People have been using the term Islamofascist since 9/11. In my opinion, this is as accurate as the phrase German fascist, indicating a mixture of the peculiar traits of a national culture with the peculiar traits of fascist ideology. Now that Donald Rumsfield and George Bush have used the term to describe the threat we face from Iran and other Muslimn states, the term is considered politically incorrect, and various groups not concerned with the persistence of American values are trying to shame us away from the word.
That the word is accurate can be proven not only be correctly defining Islam as type of nation -- the umma, after all, is a national community -- and correctly identifying the traits of fascistic Islamic movements. It is also proven by the actions of those who wish us to stop using the word. By controlling the language, they wish to control our right to resist their incessant demands.
In Rosemont, Illinois, just outside Chicago and near O'Hare airport as well as my office, the Islamic Society of North America is holding a convention. Its newly elected female leader, Ingrid Mattson, is one of those people trying to purge "Islamofascist" from our vocabulary:
"But I think that when we then bestow that term upon them we only make the situation worse and somehow give validity to their claims which we need to deny and reject," she said at the opening of the group's 43rd annual convention.
To a point, she has a point. The terrorists to which she refers do claim authority over all Muslims, and it is perhaps wrong to indulge their claim by appearing to acknowledge its validity. To her credit, her demand we stop using the word is put in practical terms, and is free of the whiny victimhood that usually accompanies such demands.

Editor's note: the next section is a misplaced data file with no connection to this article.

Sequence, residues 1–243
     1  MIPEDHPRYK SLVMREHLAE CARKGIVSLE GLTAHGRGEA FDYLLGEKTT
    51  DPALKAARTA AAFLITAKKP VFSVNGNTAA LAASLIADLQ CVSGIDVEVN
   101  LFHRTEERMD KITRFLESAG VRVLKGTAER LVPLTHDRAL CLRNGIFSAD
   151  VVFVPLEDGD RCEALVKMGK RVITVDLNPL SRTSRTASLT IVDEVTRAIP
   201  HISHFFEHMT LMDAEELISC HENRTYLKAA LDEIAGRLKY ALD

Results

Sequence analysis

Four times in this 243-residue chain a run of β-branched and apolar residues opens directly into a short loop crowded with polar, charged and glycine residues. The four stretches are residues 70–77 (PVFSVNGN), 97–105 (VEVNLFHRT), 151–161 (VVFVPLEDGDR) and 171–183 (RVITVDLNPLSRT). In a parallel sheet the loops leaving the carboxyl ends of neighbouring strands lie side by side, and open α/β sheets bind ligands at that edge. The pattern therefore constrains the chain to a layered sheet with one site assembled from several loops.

However, to use a different word would be false. The Islamic community, as I noted, is a nation, perhaps even more than it is a religion. The terrorist movements within that nation are fascist in nature. To demand we ignore this fact is to demand we ignore reality. This perhaps is her real goal. It would make the demands her organization no doubt wishes to make on the rest of us more palatable. (For the record, I would say that any ethnic or religious group intends to make such demands, and that this is not peculiar to Islamic groups.)
I would be inclined to sympathize with her, were it not for the fact her group has invited a true totalitarian to speak to their assembly, with no acknowledgment whatever of the evil he represents:
The Islamic Society drew its own fire for inviting former Iranian President Mohammad Khatami, who is expected to address the convention Saturday.
"Khatami ... behaved as an enemy of America and our most cherished values," said Jay Tcath, vice president of the Chicago Jewish Federation in a statement. "It is disturbing that any American organization would honor him by providing such an important platform."
Tcath said American Jews remember "the egregious 1999 imprisonment and circus trial of 13 Iranian Jews on trumped-up charges of espionage for Israel," which happened under Khatami's presidency.
Mattson said the group hopes to show Khatami "how the American Muslim community has dealt with issues of religious freedom and tolerance and perhaps he can carry some of that message back."
Khatami, whose receipt of a visa was announced this week by the State Department, also plans to attend a U.N. conference in New York and to speak on religion's role in promoting peace at the Washington National Cathedral during his trip to the United States.
The persecution of minorities in general and Jews in particular on trumped up charges of treason is a hallmark of a fascist state. Iran is also an Islamic state, in fact referring to itself as the Islamic republic. If Mattson wishes to purge our language of the useful and descriptive term Islamofascist, she will have to stop indulging real Islamofascists herself.